Excerpted from “More airstrikes in eastern Libya; Gaddafi to face international probe” By Leila Fadel and Steve Hendrix, Washington Post Foreign Service, The Washington Post, Thursday, March 3, 2011; 11:22 AM
[SIZE="+2"]F[/SIZE]orces loyal to Libyan leader Moammar Gaddafi launched renewed airstrikes against two key rebel-held towns Thursday, a day after poorly armed citizens repelled a major government assault on the area. …
“We want logistical foreign intervention, air embargoes, bombardments of air bases, communication centers and supervision of the coasts. Otherwise, the battle will take too long, and it will never end, and more people will die, and there will be a big question mark over the future of Libya.” — Muftah Queidir, a lawyer close to Benghazi's rebel governing coalition¹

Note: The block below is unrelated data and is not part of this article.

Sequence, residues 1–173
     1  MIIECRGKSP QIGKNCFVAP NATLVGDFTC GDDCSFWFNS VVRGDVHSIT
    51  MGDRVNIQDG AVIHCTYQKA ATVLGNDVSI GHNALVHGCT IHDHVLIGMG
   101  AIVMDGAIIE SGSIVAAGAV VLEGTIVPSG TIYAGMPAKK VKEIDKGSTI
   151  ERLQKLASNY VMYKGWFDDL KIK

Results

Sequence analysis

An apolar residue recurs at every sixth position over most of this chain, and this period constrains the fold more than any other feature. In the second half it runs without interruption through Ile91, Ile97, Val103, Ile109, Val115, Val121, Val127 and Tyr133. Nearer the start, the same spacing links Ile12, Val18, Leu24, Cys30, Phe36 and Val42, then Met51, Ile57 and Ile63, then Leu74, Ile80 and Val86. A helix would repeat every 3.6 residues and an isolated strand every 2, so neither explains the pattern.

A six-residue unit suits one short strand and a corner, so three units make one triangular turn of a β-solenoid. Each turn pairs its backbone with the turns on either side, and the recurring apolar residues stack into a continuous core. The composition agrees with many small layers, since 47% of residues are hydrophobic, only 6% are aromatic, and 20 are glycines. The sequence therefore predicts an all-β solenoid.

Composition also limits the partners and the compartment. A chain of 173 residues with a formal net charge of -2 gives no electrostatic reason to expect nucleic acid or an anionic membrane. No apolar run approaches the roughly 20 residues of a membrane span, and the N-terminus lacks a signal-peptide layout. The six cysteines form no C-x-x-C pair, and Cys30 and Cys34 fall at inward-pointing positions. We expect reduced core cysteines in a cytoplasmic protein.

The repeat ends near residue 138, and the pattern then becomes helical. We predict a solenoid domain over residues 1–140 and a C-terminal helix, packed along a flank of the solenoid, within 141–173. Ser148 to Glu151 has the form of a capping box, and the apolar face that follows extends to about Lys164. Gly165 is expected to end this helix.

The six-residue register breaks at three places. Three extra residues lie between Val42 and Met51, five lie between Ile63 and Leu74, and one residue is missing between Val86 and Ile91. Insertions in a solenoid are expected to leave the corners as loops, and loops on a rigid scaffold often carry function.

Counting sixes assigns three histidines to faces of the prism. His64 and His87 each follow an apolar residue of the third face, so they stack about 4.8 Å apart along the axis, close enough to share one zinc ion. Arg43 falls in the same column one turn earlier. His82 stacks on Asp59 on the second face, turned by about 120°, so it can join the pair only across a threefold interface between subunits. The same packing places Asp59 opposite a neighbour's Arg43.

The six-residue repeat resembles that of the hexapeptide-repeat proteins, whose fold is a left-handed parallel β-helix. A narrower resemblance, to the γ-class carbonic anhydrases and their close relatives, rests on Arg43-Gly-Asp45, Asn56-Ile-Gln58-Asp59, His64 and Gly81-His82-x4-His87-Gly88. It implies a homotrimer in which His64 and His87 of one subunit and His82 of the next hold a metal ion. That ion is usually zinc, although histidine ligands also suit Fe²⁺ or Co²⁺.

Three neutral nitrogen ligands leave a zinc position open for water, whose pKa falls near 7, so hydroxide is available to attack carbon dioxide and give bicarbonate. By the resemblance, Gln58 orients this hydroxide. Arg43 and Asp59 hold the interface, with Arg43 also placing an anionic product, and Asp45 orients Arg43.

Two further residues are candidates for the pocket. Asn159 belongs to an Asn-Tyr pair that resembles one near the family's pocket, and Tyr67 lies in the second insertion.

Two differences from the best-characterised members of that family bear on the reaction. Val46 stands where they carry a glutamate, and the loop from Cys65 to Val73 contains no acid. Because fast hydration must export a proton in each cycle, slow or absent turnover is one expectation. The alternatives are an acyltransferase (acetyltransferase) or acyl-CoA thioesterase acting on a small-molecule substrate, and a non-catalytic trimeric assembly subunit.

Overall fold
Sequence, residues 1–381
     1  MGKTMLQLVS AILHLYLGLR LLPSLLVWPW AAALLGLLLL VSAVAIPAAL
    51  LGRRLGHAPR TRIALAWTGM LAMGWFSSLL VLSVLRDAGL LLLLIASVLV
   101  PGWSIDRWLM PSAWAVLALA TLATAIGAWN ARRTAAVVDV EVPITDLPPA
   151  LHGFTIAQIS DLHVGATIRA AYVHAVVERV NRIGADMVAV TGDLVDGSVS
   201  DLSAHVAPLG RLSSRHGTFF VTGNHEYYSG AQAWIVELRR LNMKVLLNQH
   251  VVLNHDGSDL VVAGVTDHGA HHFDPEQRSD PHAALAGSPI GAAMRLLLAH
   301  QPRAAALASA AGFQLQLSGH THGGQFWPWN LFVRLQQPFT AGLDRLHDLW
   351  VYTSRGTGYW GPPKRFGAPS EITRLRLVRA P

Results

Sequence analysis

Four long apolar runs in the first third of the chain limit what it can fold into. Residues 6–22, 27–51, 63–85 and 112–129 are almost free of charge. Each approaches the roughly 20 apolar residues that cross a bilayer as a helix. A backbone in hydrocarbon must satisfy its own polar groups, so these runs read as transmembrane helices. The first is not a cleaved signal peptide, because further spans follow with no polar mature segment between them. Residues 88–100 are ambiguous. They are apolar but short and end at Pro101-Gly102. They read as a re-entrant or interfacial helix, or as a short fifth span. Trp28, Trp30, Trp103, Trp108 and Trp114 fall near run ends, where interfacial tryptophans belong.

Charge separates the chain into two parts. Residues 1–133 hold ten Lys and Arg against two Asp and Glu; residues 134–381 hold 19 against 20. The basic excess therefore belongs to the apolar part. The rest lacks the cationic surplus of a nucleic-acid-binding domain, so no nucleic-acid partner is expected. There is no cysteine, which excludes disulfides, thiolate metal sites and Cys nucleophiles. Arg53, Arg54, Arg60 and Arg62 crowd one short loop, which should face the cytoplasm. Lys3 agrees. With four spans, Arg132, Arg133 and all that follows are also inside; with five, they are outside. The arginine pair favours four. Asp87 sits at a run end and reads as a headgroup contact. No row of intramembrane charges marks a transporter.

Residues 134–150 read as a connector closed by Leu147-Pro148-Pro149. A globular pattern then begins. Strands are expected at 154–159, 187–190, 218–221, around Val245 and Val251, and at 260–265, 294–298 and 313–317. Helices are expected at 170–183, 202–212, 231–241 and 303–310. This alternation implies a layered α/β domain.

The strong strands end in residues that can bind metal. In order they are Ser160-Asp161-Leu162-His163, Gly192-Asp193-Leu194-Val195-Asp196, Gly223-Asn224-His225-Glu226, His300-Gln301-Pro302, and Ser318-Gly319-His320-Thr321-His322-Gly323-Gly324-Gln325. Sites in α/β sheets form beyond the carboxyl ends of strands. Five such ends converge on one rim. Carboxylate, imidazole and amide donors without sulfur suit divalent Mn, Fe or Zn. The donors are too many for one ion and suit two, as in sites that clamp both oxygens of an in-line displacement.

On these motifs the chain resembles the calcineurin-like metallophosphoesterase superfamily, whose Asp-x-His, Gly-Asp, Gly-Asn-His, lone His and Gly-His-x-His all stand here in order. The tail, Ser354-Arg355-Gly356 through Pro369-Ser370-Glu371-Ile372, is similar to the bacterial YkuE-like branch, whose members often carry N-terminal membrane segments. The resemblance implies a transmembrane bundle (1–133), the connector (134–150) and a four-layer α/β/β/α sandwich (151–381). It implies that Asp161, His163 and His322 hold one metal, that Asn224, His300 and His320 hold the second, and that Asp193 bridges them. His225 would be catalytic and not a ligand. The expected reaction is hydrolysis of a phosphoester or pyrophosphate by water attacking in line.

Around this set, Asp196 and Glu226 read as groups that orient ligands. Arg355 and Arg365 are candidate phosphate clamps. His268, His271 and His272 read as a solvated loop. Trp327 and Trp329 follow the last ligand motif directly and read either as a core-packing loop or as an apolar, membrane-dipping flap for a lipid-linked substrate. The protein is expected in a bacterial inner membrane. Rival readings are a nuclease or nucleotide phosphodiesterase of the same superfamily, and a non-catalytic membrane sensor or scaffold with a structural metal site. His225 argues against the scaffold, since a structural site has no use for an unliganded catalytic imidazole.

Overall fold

“A no-fly zone begins with an attack on Libya to destroy the air defenses. That’s the way you do a no-fly zone.” — US Secretary of Defense Robert Gates²
There are a whole lot of western leaders hoping the Libyan rebellion wraps up quickly so questions about them taking military action on behalf of the rebels are moot. But many signs now indicate that it has become a stalemate with a high chance of much bloodletting. President Clinton didn't act as stories of genocide emerged from Rwanda; later he apologized for his failure to act.³ Is Libya potentially Obama's Rwanda?